Tuesday, September 22, 2015

Manga Guide to Electricity 36-80

Read pp 36-80 in The Manga Guide to Electricity.

Static electricity is caused when the positive and negative charge attract each other. The amount of positive and negative charge that is created is equal and the shock is a result of the atom particles balancing themselves out. Static electricity can be caused by rubbing something like vinyl against hair. On a cold day if you rub your feet against the carpet and then touch a doorknob you may be shocked which is a result of the charge moving through your body to the doorknob. The polarity of the charges differs depending on the material that is used. The triboelectric series can be used to determine which two materials can cause the most static electricity.

1. Document yourself creating some static electricity and post to blog. Use the triboelectric series to decide which materials to use to generate static electricity.
I used vinyl and my hair because they are far apart on the triboelectric series

2. Contrast the speed of an electron with the speed of electrical motion in one sentence.
“The speed at which electrical motion is transmitted to neighboring electrons is the
same as the speed of light: 300.000 km per second; therefore, the current also flows at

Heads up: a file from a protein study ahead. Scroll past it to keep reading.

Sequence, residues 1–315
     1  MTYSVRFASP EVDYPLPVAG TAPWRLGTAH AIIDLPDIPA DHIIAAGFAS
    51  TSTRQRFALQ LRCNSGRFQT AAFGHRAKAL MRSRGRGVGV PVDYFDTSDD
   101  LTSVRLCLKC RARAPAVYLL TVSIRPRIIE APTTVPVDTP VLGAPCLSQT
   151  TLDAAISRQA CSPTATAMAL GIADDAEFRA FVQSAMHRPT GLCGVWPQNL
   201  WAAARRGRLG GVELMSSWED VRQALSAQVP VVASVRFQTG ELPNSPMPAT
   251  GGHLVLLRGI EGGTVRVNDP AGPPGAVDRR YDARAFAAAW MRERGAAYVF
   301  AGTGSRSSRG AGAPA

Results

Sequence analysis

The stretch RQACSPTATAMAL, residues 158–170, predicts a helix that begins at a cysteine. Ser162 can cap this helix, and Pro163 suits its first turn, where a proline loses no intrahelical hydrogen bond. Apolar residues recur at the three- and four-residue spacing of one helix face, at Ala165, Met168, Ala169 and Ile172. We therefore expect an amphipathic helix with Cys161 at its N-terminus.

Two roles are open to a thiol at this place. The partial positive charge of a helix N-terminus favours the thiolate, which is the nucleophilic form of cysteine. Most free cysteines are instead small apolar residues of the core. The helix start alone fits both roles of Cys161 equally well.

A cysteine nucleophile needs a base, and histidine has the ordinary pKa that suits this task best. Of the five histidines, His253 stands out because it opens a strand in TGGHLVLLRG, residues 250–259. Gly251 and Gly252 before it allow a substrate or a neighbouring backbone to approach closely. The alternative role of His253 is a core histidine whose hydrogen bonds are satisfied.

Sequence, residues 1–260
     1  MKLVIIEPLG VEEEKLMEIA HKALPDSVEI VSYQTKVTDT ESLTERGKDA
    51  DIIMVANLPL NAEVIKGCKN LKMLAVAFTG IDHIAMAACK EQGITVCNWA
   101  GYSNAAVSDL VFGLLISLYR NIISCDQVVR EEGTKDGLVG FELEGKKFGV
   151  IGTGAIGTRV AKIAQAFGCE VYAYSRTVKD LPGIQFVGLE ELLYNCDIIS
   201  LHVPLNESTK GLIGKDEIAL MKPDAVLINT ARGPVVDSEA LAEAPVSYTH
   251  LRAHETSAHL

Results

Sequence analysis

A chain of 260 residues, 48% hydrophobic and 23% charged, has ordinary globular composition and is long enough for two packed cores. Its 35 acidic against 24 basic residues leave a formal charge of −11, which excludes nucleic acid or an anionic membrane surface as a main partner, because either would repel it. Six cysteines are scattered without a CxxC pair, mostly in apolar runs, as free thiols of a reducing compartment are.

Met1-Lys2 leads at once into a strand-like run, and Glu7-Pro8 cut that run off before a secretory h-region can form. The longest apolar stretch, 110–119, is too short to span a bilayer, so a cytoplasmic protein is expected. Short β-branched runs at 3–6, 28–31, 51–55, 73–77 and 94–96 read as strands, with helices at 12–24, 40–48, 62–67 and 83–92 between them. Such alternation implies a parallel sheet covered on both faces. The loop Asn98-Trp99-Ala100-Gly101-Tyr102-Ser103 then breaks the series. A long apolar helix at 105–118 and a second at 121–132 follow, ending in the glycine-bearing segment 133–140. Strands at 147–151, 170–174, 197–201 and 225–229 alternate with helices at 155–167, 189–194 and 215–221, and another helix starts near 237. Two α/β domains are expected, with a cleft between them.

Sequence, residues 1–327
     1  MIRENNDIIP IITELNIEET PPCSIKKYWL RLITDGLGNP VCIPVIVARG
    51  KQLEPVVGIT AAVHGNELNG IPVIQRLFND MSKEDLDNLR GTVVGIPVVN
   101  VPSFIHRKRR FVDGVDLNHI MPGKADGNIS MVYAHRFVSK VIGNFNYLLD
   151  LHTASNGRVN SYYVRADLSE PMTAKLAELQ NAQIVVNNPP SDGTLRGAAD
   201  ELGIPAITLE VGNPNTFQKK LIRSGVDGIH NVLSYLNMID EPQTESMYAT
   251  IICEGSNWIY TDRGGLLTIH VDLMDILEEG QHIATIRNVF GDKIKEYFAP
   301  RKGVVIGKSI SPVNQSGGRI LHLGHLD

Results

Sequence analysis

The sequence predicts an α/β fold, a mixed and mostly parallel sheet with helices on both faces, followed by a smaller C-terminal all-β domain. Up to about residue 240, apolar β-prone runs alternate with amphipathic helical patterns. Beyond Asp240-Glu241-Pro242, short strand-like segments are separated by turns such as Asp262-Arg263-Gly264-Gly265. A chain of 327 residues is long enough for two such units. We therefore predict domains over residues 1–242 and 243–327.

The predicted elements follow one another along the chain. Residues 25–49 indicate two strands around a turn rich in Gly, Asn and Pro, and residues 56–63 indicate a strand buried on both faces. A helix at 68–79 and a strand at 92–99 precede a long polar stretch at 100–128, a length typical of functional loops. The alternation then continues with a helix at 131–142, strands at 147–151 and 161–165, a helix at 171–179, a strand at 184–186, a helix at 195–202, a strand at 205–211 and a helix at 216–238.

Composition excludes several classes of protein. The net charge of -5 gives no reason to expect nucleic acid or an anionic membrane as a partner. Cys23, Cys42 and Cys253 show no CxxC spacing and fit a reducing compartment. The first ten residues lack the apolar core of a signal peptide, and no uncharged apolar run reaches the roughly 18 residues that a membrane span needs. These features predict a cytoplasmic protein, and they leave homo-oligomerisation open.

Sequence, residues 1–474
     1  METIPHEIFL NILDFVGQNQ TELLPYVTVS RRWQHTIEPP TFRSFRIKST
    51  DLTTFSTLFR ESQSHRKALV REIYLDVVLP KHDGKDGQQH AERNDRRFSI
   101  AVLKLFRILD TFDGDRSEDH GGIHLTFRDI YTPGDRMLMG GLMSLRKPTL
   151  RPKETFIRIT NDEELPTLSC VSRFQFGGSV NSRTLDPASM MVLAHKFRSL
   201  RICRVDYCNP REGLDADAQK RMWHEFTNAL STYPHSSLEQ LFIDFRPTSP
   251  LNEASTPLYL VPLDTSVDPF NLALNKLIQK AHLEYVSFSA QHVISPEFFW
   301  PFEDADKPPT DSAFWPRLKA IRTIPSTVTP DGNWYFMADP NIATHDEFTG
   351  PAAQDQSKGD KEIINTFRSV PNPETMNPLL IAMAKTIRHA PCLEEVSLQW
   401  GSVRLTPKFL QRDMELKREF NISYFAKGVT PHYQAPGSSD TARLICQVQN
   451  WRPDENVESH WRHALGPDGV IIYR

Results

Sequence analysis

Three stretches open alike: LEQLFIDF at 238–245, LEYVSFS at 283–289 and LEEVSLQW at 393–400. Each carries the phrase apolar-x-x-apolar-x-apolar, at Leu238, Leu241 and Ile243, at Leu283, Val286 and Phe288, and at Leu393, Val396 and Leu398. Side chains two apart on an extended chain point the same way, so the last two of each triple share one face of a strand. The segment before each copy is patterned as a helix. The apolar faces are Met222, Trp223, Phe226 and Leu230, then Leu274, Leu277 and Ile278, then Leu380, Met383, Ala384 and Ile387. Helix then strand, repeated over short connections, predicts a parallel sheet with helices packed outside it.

300.000 km per second (the speed of tight)”

3. Briefly explain the relationship between resistance and energy. Use an example from your house.
The load is what converts electrical energy to light or heat energy. When the load hinders the flow of current it is called electric resistance. A light bulb has a resistance that converts electric energy to light energy.

4. What is the difference in AC and DC current? Give and example of each from your daily life. If you get shocked,
In DC the current flows in one direction and AC means the current can change direction. A battery is DC and an outlet is AC. 

5. Determine the equivalent resistance of a 6.0 Ω and a 8.0 Ω resistor if …
  1. 14v= 6+8 … connected in series.
  2. 1/(⅙)+(⅛)= (6x8)/(6+8)=48/14 = 3.43… connected in parallel.

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